3) I agree that Mares is the real deal. And it’s nice to see that some fans recognize the tactical and technical aspects of his victory over Moreno. It seems like 25 percent of Twitter Nation believe he just ran out of his corner and “mugged” Moreno with nothing more than a bag full of “dirty tricks” and low blows. Hey, he did mug Moreno in spots. I’m not going to deny that. Hell, I think he HAD to do that to an extent, but he was also able to jab, counter punch and use angles to set up legit power shots against the master southpaw boxer at certain times during the fight, which impressed me. I think Mares is as ready as he will ever be to face Donaire and I think if that fight is promoted right it could be the most lucrative and high-profile 122-pound championship bout in history. 


What up Dougie!! I haven’t written to the mailbag in a while so I’ll keep it short.

So I don’t think it’s a question IF Abner Mares belongs in the top 10 Pound for Pound, but how high up? His ascension up the ranks has been just as difficult and impressive as Andre Ward’s in my opinion. What are your thoughts? At what spot does he make his debut?

So Vanes Martirosyan and Erislandy Lara are the guys we should be watching and rooting for at 154 instead of Canelo? Really? There is absolutely nothing special about either fighter and if the rematch does take place I will have zero interest in watching them do it again. I’d rather see Canelo street fight a 105-lb fighter than watch those guys fight again, oh wait… anywho, for every knock on Canelo at least he is charismatic and always makes for exciting fights, always!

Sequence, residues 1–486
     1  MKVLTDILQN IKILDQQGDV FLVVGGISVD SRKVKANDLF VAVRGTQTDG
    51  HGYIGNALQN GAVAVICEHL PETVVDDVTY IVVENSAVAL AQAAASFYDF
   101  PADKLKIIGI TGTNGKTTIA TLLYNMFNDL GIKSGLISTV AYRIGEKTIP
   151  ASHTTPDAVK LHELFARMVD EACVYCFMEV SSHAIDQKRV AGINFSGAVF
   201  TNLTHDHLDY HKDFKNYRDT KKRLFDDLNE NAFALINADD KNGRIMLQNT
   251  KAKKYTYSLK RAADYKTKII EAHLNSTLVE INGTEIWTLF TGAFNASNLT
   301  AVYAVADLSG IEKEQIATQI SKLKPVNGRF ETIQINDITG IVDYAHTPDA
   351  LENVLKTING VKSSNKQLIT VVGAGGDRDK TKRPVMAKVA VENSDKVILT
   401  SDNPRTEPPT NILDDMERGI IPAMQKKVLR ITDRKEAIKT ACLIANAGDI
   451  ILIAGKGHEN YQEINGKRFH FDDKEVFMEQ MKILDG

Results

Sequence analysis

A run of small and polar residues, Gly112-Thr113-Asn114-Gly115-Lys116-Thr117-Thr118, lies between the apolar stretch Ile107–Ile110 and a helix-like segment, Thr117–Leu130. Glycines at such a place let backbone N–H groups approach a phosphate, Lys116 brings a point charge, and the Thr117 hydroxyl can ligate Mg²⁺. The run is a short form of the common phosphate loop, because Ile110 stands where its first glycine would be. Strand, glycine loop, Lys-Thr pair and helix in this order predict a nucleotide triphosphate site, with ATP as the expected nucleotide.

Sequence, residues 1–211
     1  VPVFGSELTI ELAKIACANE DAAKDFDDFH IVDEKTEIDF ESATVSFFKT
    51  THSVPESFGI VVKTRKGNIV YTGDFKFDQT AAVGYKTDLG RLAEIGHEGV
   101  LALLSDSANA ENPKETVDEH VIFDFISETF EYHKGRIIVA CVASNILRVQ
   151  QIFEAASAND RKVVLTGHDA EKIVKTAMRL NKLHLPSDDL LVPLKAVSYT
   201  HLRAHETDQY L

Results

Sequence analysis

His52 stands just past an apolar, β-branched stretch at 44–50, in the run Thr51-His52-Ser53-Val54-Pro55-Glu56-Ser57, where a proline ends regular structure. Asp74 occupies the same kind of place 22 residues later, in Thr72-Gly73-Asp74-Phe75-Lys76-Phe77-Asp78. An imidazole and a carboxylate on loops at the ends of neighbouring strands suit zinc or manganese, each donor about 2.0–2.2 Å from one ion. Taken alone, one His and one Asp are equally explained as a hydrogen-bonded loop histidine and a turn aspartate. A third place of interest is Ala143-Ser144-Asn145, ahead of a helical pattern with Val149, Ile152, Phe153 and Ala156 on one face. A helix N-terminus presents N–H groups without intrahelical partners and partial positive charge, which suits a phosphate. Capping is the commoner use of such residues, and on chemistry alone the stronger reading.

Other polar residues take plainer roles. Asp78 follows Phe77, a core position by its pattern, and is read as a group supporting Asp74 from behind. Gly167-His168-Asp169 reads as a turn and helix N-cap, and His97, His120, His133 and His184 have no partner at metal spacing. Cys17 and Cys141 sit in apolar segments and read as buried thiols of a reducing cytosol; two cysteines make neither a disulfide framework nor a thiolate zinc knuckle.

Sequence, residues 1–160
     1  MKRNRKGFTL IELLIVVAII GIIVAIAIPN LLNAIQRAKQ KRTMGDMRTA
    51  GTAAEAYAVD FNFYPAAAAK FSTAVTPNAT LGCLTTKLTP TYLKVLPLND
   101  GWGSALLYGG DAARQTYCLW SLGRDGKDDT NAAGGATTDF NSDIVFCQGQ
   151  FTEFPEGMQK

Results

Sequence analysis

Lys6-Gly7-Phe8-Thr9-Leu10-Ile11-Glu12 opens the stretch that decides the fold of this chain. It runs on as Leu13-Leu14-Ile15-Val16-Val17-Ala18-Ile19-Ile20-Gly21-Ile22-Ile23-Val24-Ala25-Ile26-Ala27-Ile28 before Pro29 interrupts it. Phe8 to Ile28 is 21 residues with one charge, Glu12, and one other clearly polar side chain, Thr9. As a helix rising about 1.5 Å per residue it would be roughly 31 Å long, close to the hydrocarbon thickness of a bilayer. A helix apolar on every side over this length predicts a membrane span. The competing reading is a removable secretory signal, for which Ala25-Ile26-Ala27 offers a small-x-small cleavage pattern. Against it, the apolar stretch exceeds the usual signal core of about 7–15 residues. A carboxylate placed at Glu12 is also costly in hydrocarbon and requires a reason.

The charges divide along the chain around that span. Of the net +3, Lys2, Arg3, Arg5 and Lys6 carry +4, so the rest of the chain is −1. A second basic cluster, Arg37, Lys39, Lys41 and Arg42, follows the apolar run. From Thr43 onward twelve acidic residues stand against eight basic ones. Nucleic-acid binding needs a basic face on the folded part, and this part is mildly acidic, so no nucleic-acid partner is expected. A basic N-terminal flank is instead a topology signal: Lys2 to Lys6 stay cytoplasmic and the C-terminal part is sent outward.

Finally, I want your opinion on the following. Which is the better promotional company judging by fighters, fights, events, treatment of fighters etc… right now, GBP, Top Rank or TMT? Haha JK

Which is the better network judging by announcers, fights, quality of production, promotion/marketing, etc… right now, Showtime or HBO?

It was a great night of fights, keep up the great work! – Adrian “Dre” Milwaukee, WI

Thanks Dre.

I know this going to sound overly diplomatic – hey, you’re talking to a guy who scored all three Pacquiao-Marquez bouts a draw – but I don’t think either network or U.S. promotional company is “better” than the other.

Each has its strengths and weaknesses. HBO has two bona-fide hall of famers on their boxing broadcasts (Larry Merchant and Jim Lampley – and for more than a decade the network featured the great Emanuel Steward). I think Max Kellerman has come into his own commentator and I know I’m in the minority bigtime with this next opinion but I like Roy Jones Jr.’s commentary. I think Jones provides excellent insight when he keeps his comments to the action that is playing out in the ring. I think HBO’s production value is second to none.

Showtime also has a bona-fide hall of famer with Al Bernstein and I love the way the network as been mixing up the boxing commentating teams with an interesting rotation of Brian Kenny (serving as program host), Barry Tompkins and Steve Farhood (working the Showtime Extreme broadcasts), Mauro Renalto and different fighters, including Paul Malignaggi, hall-of-famer Mark “Too Sharp” Johnson and Raul Marquez. I think Showtime has featured slightly better fights on average than HBO this year and they’ve given fans “more” with their triple- and quadrupleheaders and SHO Extreme-televised undercard bouts.